The significance of 8th verse of The Bhagavad Geeta which he cited in his order becomes more evident if it is read with the preceding 7th verse which reads: यदा यदा हि धर्मस्य ग्लानिर्भवति भारत। अभ्युत्थानमधर्मस्य तदात्मानं सृजाम्यहम् II The subsequent verse reads: परित्राणाय साधुनाम विनाशाय च दुष्कृताम्I धर्मसंस्थापनार्थाय संभवामि युगे युगे II Together it means- whenever righteousness declines and unrighteousness is rampant, I manifest myself. I manifest myself from age to age to defend the pious, destroy the wicked, and strengthen righteousness.
Notably, Justice Kaul traces the origin of Articles 14 (right to equality before law) and 21 (right to protection of life and liberty) of the Indian Constitution in The Bhagavad Geeta. It is evident that his order reference to government’s position on right to privacy in the scheme of CIDR of UID/Aadhaar numbers as अधर्म, evil. He factors in the contemporary and historical context of the human identification and profiling. The verdict in this case is historic and of global significance because it establishes धर्म, righteousness and destroys अधर्म, the evil acting on behalf of the universal principal “I” mentioned in Bhagavad Geeta.
He observed, “It cannot be said that a person should be profiled to the nth extent for all and sundry to know”, something which is being done under CIDR of UID/Aadhaar number scheme. He cites the European Union Regulation, 2016, on data privacy that deals with the protection of natural persons with regard to the processing of personal data and on the free movement of such data. The regulation defines ‘profiling’ as any form of automated processing of personal data consisting of the use of personal data to evaluate certain personal aspects relating to a natural person, in particular to analyse or predict aspects concerning that natural person's performance at work, economic situation, health, personal preferences, interests, reliability, behaviour, location or movements. Such profiling can result in discrimination based on religion, ethnicity and caste.” It is something which is underway as part of CIDR of UID/Aadhaar number scheme.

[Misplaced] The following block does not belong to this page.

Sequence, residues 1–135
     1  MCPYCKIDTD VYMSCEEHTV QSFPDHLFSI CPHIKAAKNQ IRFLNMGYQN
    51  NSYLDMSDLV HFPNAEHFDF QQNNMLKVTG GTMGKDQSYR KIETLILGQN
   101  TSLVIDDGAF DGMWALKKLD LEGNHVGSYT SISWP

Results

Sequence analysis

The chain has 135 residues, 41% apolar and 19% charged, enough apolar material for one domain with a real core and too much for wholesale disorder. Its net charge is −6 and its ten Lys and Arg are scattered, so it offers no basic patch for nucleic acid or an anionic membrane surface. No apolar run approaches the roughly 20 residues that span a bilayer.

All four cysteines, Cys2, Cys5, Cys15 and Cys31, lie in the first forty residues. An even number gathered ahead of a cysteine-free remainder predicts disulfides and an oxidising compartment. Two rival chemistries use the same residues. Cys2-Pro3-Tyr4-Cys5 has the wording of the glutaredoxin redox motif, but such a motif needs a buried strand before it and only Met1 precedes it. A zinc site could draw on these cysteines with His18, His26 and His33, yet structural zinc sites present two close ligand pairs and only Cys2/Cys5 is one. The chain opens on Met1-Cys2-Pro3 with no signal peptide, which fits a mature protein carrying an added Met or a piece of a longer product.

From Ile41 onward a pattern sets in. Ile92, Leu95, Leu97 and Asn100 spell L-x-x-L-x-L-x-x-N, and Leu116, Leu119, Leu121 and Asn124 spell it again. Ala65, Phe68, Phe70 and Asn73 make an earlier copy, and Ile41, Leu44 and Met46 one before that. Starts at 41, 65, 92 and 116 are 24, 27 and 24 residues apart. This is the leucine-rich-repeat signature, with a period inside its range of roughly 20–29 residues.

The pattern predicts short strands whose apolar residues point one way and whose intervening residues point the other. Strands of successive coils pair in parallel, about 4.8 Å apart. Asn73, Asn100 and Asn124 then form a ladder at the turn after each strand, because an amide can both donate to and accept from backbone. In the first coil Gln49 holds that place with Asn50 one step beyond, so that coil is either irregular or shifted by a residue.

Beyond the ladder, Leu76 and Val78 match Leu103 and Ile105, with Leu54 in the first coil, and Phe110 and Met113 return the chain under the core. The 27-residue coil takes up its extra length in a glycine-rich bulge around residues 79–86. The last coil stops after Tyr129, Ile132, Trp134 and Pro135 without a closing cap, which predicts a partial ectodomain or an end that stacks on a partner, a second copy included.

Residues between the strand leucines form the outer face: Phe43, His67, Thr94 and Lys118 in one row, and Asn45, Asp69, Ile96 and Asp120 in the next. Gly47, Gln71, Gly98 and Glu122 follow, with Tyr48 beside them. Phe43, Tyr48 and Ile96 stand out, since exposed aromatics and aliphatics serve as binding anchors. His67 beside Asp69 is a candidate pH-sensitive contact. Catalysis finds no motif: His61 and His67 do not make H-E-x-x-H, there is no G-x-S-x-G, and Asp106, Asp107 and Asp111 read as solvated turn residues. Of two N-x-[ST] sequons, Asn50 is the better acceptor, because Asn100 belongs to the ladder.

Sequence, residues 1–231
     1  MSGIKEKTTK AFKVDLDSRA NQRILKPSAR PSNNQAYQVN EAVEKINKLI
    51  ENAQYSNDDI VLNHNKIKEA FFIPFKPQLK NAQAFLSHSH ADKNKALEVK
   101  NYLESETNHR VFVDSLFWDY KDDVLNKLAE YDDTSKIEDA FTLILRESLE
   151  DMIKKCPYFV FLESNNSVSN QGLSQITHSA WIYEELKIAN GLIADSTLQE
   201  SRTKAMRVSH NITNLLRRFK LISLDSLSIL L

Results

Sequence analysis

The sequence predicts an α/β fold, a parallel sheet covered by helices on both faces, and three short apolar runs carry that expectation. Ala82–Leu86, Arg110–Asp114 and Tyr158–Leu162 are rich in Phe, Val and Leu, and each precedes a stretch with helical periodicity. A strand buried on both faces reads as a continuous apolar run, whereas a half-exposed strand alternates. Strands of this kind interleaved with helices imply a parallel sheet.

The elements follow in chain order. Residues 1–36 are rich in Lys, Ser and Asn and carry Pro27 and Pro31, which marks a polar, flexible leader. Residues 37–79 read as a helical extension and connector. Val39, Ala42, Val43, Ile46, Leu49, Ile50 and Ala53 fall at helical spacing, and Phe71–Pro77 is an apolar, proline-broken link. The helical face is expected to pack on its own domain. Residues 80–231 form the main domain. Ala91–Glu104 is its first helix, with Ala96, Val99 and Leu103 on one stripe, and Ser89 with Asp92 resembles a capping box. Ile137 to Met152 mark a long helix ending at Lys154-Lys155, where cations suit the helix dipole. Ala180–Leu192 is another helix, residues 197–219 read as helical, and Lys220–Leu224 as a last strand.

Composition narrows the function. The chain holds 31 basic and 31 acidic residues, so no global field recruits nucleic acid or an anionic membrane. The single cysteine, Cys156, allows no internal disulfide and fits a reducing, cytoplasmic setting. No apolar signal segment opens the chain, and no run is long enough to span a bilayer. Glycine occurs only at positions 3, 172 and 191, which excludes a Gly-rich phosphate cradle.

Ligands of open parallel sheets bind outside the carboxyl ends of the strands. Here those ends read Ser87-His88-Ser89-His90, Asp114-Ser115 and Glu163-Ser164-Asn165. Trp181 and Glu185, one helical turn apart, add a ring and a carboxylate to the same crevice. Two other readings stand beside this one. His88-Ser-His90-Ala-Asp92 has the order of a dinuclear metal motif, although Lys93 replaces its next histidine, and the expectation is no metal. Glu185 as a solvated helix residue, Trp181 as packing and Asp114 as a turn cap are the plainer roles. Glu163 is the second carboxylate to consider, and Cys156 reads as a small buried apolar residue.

This is similar to what the predecessors of Adolf Hitler did in Germany. Prior to the arrival of the Nazi party government, the German government had hired the services of IBM, a US-based company, which was in the 'census' business, including racial census that entailed not only counting the Jews but also identifying them. As a result when Hitler came to power, he had the lists of Jewish names based on profiling during census. The Nazis inherited these lists from the previous government like BJP-led government has inherited and adopted the CIDR project of the Congress-led government in India. At the US Holocaust Museum in Washington, DC, there is an exhibit of an IBM Hollerith D-11 card sorting machine that was responsible for organising the census of 1933 that first identified the Jews. IBM has not disputed its involvement in the exercise. It merely said its subsidiary in Germany was beyond its control a fact, which has been highlighted in the book IBM and the Holocaust. If this is not अधर्म, evil, what else is?
Dwelling on the subject of “the right to be” or privacy before recollecting the words of Bhagavad Gita, he cited the words of Lord Action contained in The History of Freedom and Other Essays published in 1907, wherein he said, “The sacred rights of mankind are not to be rummaged for among old parchments of musty records. They are written, as with a sunbeam, in the whole volume of human nature, by the hand of Divinity itself, and can never be obscured by mortal power”. Drawing on such eminent resources, Justice Kaul observed, “Privacy is an inherent right. It is thus not given, but already exists” and added that privacy “is nothing but a form of dignity, which itself is a subset of liberty”. He further observed, “Privacy is also the key to freedom of thought. A person has a right to think.” Notably, mind is the name given to sequence of thoughts and, in fact, it is the human mind which takes birth, grows and governs human life.